So the Sword and Union (who are, oh my word, inter-dimensional twins or something; keep the shocks coming, guys!) fight a lot, and Ellis tries to keep things amusing through the Sword’s incessant narrative captions, musing as to why his twin hasn’t yet castrated himself, or criticizing his girlish long hair. Ah, but it’s all for nothing. When Warren Ellis climaxes a fight scene by having the hero skewer the villain with the American Flag, with no discernible accompanying irony or comment (save for the presence of the very act itself), you know the event has gained the upper hand. “It may be a cold, lifeless chunk of rock. But it’s our cold, lifeless chunk of rock. Let’s take it back,” hollers mighty Union to the heroes assembled at the end of the book. He’s talking about the moon, but one could be forgiven for thinking he’s referring to the crossover itself. That fight is beyond Our Heroes’ power, though.

Oh, Randy Green does the art for both of these books. It’s ok; he has a more rounded style than the average Wildstorm pen of the day. Today it’d be sort of inching toward a manga/superhero fusion look. He’s a pretty clear storyteller, which was good for the fights.

So Ellis is a bit more successful here than Moore. But I’m only examining individual parts; how does the crossover work as a whole? Well, maybe we don’t want to go there. By the end of the event, books were starting to get late. Fire From Heaven #2, intended as the grand finale, wound up being the penultimate book due to scheduling upheavals. It directly followed Sword of Damocles #2. It even depicts some of the same events.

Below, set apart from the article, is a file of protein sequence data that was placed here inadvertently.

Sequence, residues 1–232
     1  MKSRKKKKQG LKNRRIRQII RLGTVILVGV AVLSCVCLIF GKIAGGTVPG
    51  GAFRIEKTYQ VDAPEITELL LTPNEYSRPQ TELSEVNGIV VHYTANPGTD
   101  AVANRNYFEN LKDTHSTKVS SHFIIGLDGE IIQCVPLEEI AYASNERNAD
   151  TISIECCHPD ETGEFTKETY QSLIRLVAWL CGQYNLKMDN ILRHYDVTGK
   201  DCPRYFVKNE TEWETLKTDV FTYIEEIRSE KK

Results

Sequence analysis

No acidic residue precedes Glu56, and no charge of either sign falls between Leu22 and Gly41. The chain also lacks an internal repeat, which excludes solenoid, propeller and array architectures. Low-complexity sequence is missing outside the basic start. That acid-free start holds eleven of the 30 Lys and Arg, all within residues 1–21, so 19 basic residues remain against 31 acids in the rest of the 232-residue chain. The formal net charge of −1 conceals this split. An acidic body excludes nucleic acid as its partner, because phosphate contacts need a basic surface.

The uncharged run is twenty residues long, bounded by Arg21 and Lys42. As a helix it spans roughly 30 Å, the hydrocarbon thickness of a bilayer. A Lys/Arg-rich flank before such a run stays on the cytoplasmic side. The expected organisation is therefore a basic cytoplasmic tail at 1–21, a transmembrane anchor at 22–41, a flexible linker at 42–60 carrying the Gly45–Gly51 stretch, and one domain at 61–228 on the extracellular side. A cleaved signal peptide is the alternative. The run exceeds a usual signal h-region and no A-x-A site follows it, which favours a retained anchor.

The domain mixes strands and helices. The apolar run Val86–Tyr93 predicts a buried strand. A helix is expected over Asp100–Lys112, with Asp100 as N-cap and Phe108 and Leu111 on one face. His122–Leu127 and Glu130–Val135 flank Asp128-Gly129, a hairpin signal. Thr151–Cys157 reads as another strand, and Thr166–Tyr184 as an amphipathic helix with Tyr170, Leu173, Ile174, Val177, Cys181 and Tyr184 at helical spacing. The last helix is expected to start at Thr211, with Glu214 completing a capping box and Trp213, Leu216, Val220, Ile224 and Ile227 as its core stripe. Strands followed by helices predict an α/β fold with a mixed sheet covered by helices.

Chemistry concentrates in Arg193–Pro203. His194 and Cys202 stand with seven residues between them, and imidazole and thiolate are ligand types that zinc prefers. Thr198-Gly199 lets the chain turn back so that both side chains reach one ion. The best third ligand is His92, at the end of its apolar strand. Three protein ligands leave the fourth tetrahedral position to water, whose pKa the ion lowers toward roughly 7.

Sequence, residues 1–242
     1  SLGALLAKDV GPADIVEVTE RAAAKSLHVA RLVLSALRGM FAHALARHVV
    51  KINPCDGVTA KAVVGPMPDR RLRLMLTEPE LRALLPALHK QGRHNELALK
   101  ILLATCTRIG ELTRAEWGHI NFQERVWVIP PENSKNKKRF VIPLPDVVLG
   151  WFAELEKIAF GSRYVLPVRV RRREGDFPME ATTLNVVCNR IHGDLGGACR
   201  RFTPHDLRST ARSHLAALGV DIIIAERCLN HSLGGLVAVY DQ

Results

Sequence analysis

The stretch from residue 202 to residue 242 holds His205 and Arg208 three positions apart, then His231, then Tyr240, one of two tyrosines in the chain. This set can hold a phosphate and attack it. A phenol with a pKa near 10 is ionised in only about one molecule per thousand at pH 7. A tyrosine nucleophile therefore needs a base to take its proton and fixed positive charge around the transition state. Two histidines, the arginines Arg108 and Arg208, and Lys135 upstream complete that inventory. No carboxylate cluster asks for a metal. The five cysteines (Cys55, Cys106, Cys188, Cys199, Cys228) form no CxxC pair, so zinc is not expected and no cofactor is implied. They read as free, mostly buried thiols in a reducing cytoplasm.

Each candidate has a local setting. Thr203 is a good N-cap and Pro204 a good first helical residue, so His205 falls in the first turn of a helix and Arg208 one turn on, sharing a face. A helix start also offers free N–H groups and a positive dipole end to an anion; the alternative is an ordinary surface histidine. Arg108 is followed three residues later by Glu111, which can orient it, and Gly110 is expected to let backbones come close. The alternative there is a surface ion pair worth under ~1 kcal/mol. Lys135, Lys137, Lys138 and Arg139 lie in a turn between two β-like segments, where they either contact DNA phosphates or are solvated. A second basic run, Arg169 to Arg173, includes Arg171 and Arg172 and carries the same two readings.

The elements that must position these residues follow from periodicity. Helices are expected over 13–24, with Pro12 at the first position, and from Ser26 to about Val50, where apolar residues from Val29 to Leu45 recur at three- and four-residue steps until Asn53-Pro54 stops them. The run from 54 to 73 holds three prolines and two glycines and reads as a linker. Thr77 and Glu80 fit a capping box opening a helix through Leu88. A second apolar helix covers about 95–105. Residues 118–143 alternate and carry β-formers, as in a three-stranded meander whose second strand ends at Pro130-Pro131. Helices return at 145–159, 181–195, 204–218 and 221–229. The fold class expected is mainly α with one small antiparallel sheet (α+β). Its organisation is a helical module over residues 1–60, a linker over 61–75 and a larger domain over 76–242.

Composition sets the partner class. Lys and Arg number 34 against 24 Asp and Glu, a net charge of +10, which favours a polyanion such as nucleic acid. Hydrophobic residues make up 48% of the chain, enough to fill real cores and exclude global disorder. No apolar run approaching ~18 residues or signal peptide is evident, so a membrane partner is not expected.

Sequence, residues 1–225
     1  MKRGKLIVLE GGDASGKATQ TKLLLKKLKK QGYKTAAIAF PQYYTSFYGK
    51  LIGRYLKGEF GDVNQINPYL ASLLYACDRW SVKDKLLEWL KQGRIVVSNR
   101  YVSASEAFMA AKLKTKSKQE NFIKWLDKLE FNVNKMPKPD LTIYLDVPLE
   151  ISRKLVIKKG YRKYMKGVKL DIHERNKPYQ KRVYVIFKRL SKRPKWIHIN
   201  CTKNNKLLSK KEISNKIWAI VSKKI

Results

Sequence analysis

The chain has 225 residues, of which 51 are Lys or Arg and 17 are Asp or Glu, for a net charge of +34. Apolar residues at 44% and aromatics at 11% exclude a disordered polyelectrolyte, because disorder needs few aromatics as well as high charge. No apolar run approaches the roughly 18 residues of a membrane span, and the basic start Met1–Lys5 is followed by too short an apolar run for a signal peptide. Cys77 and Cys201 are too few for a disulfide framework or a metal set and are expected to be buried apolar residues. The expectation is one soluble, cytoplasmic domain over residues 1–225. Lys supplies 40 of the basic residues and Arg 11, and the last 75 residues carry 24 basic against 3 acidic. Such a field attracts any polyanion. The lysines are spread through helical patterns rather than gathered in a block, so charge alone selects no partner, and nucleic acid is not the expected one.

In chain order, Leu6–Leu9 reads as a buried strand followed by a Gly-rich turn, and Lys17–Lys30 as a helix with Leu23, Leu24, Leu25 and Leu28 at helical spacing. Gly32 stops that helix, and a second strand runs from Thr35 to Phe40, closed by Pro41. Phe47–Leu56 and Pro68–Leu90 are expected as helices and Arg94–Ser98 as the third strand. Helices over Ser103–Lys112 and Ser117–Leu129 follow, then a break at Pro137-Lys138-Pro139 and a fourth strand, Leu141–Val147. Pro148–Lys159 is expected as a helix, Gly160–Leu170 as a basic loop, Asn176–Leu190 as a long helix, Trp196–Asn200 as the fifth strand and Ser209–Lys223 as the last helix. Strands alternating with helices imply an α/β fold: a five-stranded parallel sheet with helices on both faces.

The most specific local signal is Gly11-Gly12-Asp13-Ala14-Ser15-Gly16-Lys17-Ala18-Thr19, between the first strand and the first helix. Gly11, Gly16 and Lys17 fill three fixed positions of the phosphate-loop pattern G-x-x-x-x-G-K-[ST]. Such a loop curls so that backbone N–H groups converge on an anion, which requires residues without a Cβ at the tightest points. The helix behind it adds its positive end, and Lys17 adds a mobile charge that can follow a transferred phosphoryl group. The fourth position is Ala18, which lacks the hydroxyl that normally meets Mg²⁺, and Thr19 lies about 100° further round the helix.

I’m going to go out on a limb and guess that the books were late enough that they wound up being produced concurrently, without much in the way of inter-artist communication. Because that’s pretty much the only explanation for the sheer lack of basic continuity between these two consecutive chapters. Heroes are visible in the background early in the fight in Damocles #2 that are later shown just newly arriving at the same point in Heaven #2. Another hero is shown lying beaten on the ground in Heaven #2; in Damocles #2, he’s not so much as touched by anyone. The staging of the fight is different; in Damocles #2, the combatants are knocked across the moon, away from the watching crowd, so Union can grab Old Glory at that crucial moment. In Heaven #2, they stay in exactly the same place, the flag having apparently come to them. Even the goddamned conclusion of the fight is different: in Damocles #2, the Sword gets vaporized by his own energy sword (oh the irony!) after the big run-through. In Heaven #2, the Sword is simply punched unconscious. I really can’t believe that readers of this crossover wouldn’t be hopping mad at such rampant sloppiness, even if it all can be chalked up to extreme lateness. I mean, this is just silly. Stupid question, I know, but did people actually buy this crap? And does anyone look back on this fondly?! I think they do. Because stuff like this is back in style.

Fuck it. I don’t care about Infinite Crisis, but take heart, those who do. It can’t be worse that this. It can’t.